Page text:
…masquerading as happy 
appetizer, fruit cocktail insisted on pretending 
everything was ok. Eating it meant you embraced 
tastelessness. It meant you were easily fooled.

NO YOU! (She is speaking dark fears inside my paternal head, so fuck this shit, I don’t have time for this so early in another mundane work week.)
Thank the Universal Magnetics that Laura Kasischke’s poem “Mushrooms” was next, because it’s probably not just the best poem in this fucking thing so far but I would be tempted to tattoo this shit in its entirely (maybe not the last stanza) on my thigh. Scope the supreme math of this first stanza:

Like silent naked monks huddled 
around an old tree stump, having 
spun themselves in the night 
out of thought and nothingness –

Fucking knock out right there.

THE KVLT SCHOLAR’S HANTEI: I reject the premise of "Fruit Cocktail in Light Syrup" because fruit cocktail in light syrup is good; it's just a good food that you can get from the store to have sometimes. The kind with fake sugars in them are beyond foul so don't get those, but beyond that, the notion that eating fruit cocktail meant "you might deny / that ghosts whirled throughout the house" is demonstrably bullshit because I would eat fruit cocktail right now if it were here and then talk to you about ghosts as seriously as you were willing to. Also it is worth noting that in addition to being a completely replacement-level sentiment, "harkening back to days /when humans grew, rather than manufactured, / food" is, like the rest of this one, just fvkkn prose, man, it's *prose*, and I like my poesy like I like my license: poetic as SHIT. "Mushrooms" is the complete opposite thing, a full-on poesy poem, treating mushrooms like monks (and, implicitly, monks like mushrooms) and hitting you with a jarring haiku-esuque juxtaposition at the end; this is a killer. I initially wrote "haku-esque" by mistake and that is not far off the mark in that were this poem to take human shape for a literal, non-poetic Royal Rumble, it might well turn into a Tongan rightly feared by all.WINNER: "Mushrooms"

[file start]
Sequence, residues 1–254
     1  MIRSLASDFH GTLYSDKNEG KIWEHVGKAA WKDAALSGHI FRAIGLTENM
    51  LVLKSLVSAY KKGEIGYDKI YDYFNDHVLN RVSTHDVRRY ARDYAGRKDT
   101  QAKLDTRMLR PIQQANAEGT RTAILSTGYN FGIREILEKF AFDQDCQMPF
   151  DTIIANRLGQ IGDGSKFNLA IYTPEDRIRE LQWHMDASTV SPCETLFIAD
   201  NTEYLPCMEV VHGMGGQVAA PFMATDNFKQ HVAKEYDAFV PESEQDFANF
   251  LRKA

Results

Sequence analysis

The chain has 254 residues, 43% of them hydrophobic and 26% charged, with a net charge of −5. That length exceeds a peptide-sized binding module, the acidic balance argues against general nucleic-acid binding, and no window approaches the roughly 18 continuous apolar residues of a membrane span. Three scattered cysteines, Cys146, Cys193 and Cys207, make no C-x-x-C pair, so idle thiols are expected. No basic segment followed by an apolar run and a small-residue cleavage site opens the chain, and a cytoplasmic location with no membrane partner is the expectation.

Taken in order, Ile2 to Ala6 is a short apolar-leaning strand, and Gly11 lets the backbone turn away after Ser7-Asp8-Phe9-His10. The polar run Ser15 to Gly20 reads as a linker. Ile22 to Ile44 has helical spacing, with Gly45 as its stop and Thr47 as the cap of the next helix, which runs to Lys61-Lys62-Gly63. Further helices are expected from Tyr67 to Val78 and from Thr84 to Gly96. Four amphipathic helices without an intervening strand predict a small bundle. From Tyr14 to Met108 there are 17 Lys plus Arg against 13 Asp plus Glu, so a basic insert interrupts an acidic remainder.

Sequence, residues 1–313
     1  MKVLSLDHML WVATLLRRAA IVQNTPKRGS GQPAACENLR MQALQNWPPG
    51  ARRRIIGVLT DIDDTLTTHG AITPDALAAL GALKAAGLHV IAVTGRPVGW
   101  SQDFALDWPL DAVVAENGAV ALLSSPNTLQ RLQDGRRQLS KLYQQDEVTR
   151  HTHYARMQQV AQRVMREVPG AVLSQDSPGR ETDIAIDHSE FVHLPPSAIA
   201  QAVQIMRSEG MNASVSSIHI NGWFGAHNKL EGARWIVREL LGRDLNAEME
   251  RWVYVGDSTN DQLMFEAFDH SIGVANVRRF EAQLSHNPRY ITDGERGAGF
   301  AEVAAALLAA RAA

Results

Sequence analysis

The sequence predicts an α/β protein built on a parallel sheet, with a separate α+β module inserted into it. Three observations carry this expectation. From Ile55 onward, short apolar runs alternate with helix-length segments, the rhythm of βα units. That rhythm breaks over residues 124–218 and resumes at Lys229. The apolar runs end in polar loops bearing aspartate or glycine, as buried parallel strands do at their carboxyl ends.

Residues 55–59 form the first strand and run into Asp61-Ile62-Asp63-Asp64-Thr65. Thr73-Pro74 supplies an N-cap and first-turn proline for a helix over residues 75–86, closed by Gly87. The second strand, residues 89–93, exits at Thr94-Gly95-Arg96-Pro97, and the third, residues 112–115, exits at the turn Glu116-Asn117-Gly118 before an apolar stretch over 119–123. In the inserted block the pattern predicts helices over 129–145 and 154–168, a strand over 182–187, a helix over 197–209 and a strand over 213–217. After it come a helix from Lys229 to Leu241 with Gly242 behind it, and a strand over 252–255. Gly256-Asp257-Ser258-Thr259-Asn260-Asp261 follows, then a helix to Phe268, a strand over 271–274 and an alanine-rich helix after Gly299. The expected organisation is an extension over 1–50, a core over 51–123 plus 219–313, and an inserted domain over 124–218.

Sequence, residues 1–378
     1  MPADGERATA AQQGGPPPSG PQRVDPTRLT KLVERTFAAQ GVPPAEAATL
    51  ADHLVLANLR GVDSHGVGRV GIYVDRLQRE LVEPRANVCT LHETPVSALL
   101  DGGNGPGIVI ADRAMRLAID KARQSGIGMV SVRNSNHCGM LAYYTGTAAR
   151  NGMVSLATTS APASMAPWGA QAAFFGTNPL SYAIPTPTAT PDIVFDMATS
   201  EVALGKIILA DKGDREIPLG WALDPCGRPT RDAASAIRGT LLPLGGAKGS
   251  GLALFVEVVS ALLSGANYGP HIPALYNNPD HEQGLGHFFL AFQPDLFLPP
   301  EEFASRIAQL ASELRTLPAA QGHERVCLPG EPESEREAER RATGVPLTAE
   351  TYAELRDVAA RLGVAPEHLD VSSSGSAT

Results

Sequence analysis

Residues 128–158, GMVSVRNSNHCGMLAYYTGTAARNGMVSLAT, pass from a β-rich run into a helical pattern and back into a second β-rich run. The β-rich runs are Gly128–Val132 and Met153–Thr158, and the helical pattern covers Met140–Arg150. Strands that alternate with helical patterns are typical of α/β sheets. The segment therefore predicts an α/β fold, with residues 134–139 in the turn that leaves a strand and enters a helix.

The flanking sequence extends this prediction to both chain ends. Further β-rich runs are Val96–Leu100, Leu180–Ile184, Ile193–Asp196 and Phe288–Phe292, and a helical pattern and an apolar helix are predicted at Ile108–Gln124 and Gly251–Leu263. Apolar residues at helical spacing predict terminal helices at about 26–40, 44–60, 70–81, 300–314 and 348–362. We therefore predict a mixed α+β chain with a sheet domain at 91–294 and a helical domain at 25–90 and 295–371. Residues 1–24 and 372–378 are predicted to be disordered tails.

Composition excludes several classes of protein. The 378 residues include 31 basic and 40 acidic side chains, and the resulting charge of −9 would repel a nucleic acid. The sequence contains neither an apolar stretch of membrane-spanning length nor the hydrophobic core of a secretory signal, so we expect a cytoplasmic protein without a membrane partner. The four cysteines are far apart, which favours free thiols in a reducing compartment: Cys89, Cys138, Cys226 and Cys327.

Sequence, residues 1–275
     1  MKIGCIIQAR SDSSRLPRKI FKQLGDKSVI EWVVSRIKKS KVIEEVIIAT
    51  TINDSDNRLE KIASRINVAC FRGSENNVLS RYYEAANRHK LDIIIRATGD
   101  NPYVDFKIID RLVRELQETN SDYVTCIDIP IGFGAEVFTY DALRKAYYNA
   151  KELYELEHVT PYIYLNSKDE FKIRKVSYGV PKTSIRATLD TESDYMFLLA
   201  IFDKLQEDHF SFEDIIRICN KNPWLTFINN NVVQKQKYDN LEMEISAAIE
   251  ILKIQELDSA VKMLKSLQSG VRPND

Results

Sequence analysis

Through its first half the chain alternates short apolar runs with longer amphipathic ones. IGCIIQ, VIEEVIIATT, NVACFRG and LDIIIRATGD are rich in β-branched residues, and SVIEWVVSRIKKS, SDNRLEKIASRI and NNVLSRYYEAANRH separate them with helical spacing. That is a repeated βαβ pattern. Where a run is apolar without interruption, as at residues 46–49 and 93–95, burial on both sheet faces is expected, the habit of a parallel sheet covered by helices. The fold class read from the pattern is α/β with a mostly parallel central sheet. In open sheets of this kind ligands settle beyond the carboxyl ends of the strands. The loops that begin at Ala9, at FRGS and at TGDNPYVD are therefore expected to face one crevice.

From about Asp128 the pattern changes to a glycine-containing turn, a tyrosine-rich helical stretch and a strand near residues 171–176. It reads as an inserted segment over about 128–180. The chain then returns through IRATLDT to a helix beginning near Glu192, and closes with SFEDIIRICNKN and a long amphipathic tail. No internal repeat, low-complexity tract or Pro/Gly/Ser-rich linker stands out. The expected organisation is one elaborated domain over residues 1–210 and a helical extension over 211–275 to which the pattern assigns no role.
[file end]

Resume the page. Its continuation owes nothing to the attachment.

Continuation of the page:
No doubt. So not only is Laura Kasischke steady knocking fools out of this thing (four now) but she's doing it with the motherfuckin' poetic authority. Out at #16: Amy Gerstler. SEE YOU WEDNESDAY MORNING, RANDOM DISCOVERERS PLUS PERHAPS REGULAR FOLLOWERS (by now) OF POETICALLY-BASED INTERNETTING NONSENSE.